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Clin Proteomics. 2013 Sep 6;10(1):11. doi: 10.1186/1559-0275-10-11.

A multilectin affinity approach for comparative glycoprotein profiling of rheumatoid arthritis and spondyloarthropathy.

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Institute of Bioinformatics, International Technology Park, Bangalore 560066, India.
Amrita School of Biotechnology, Amrita Vishwa Vidyapeetham, Kollam 690525, India.
Department of Neurochemistry, National Institute of Mental Health and Neuro Sciences, Bangalore 560029, India.
Department of Biotechnology, Kuvempu University, Shankaraghatta 577451, India.
Department of Internal Medicine, Armed Forces Medical College, Pune 411040, India.
Manipal University, Madhav Nagar, Manipal 576104, India.
Centre of Excellence in Bioinformatics, Bioinformatics Centre, School of Life Sciences, Pondicherry University, Puducherry 605 014, India.
Department of Rheumatology, Fortis Hospital, Bangalore 560076, India.
McKusick-Nathans Institute of Genetic Medicine, Johns Hopkins University School of Medicine, 733 N. Broadway, Baltimore, MD 21205, USA.
Department of Biological Chemistry, Johns Hopkins University School of Medicine, 733 N. Broadway, Baltimore, MD 21205, USA.
Department of Pathology, Johns Hopkins University School of Medicine, 733 N. Broadway, Baltimore, MD 21205, USA.
Department of Oncology, Johns Hopkins University School of Medicine, Baltimore, Maryland 21205, USA.
Contributed equally



Arthritis refers to inflammation of joints and includes common disorders such as rheumatoid arthritis (RA) and spondyloarthropathies (SpAs). These diseases differ mainly in terms of their clinical manifestations and the underlying pathogenesis. Glycoproteins in synovial fluid might reflect the disease activity status in the joints affected by arthritis; yet they have not been systematically studied previously. Although markers have been described for assisting in the diagnosis of RA, there are currently no known biomarkers for SpA.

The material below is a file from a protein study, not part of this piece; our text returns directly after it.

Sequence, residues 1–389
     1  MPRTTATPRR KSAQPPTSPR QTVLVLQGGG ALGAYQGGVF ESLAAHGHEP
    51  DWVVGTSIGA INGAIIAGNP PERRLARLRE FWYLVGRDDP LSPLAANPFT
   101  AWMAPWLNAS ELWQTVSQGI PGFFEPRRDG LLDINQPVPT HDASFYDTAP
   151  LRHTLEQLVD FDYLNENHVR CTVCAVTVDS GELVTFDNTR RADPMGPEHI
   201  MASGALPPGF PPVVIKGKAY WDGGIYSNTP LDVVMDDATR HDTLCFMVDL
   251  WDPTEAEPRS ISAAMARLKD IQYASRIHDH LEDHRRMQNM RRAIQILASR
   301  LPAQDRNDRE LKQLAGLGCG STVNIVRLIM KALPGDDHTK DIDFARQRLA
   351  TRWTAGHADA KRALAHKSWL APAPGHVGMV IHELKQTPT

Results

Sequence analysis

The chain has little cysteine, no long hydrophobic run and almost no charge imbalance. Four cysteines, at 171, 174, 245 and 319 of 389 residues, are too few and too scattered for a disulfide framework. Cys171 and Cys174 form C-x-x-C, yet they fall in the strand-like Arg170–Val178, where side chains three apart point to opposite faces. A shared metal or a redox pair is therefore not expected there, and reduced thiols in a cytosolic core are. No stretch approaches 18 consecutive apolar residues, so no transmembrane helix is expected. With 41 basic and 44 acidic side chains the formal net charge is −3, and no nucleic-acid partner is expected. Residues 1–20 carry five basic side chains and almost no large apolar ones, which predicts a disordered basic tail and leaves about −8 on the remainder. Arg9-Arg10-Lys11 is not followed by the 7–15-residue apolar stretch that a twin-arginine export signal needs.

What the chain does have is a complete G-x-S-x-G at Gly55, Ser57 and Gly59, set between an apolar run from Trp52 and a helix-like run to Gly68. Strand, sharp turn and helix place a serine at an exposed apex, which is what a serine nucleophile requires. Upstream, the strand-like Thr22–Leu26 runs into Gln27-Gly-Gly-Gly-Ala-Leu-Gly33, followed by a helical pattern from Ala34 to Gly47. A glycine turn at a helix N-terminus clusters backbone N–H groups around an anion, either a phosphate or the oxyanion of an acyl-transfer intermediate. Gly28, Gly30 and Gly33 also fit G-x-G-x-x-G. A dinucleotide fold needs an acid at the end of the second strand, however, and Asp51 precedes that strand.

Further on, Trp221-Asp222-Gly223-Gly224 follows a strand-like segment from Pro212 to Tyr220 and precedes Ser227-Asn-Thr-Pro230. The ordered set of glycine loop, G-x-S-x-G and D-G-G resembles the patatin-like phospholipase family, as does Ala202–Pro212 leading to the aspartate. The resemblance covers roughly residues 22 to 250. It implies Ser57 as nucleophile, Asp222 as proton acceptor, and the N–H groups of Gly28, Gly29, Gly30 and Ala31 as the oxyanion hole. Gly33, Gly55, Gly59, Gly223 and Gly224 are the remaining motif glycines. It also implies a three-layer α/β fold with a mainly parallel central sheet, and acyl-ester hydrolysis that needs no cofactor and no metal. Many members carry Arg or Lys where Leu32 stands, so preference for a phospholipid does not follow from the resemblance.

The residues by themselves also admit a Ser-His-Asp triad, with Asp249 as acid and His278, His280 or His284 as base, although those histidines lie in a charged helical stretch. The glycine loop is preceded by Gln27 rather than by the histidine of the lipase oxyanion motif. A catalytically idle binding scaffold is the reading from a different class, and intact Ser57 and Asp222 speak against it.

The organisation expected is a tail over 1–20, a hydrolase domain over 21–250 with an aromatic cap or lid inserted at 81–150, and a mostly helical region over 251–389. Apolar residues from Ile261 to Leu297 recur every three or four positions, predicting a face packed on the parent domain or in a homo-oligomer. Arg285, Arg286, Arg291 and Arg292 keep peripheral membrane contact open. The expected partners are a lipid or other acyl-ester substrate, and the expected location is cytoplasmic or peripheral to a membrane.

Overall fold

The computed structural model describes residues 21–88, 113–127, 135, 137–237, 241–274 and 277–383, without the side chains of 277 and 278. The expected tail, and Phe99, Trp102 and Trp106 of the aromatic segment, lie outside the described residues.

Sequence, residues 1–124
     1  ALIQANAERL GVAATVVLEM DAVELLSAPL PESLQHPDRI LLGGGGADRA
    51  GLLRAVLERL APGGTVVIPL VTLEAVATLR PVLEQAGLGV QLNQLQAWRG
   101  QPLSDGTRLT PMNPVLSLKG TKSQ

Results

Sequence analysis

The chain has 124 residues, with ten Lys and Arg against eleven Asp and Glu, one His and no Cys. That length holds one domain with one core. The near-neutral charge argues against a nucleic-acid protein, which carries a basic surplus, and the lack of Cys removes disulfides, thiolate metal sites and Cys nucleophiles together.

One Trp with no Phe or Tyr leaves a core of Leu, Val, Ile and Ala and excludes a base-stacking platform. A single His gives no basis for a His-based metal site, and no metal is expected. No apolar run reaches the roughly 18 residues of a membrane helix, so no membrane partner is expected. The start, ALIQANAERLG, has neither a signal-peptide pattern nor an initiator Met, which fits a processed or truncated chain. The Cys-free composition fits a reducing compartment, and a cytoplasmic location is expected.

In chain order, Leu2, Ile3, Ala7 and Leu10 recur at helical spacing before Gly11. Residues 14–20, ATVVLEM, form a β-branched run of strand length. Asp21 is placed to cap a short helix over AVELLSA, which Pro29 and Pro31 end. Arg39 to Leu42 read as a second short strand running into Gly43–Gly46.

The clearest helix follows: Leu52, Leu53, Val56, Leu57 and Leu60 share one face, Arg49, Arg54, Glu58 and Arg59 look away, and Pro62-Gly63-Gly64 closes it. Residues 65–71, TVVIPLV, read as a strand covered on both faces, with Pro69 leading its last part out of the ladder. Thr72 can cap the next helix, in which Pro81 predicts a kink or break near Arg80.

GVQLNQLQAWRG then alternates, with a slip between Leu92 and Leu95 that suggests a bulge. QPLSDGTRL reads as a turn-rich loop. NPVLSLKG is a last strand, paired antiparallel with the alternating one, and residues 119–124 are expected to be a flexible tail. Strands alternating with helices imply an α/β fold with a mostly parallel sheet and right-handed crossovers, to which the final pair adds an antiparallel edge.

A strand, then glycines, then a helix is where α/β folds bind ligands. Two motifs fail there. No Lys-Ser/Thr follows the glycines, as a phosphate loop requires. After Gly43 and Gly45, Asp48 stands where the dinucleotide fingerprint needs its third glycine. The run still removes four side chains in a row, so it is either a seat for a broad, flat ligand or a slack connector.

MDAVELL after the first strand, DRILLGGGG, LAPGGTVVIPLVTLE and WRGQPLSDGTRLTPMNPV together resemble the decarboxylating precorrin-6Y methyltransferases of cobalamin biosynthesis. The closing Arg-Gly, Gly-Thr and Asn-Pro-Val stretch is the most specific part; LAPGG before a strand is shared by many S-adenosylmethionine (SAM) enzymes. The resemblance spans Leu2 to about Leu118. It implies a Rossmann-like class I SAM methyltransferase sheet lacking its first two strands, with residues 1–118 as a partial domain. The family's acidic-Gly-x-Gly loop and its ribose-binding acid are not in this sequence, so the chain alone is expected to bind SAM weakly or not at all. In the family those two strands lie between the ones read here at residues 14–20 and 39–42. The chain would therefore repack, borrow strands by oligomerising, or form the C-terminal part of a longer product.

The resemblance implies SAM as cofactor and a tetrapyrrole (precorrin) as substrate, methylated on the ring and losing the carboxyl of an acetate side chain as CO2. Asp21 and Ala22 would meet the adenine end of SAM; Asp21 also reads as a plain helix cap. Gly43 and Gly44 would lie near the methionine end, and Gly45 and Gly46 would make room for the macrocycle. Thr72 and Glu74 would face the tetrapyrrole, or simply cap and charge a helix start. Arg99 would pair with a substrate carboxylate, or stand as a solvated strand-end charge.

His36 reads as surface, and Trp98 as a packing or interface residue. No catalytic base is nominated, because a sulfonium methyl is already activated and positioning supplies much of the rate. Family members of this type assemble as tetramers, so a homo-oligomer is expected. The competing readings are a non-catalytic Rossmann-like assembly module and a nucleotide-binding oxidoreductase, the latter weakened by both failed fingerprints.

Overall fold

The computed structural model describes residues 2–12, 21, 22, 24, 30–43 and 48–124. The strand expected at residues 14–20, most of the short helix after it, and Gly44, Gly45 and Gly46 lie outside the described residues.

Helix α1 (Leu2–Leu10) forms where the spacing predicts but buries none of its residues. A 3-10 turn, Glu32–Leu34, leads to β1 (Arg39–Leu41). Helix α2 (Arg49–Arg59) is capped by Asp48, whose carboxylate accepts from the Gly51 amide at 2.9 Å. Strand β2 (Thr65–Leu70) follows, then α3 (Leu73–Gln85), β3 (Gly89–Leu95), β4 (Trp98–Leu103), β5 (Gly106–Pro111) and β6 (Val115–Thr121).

We sought to determine the relative abundance of glycoproteins in RA and SpA by lectin affinity chromatography coupled to iTRAQ labeling and LC-MS/MS analysis. We also used ELISA to validate the overexpression of VCAM-1, one of the candidate proteins identified in this study, in synovial fluid from RA patients.


We identified proteins that were previously reported to be overexpressed in RA including metalloproteinase inhibitor 1 (TIMP1), myeloperoxidase (MPO) and several S100 proteins. In addition, we discovered several novel candidates that were overexpressed in SpA including Apolipoproteins C-II and C-III and the SUN domain-containing protein 3 (SUN3). Novel molecules found overexpressed in RA included extracellular matrix protein 1 (ECM1) and lumican (LUM). We validated one of the candidate biomarkers, vascular cell adhesion molecule 1 (VCAM1), in 20 RA and SpA samples using ELISA and confirmed its overexpression in RA (p-value <0.01). Our quantitative glycoproteomic approach to study arthritic disorders should open up new avenues for additional proteomics-based discovery studies in rheumatological disorders.

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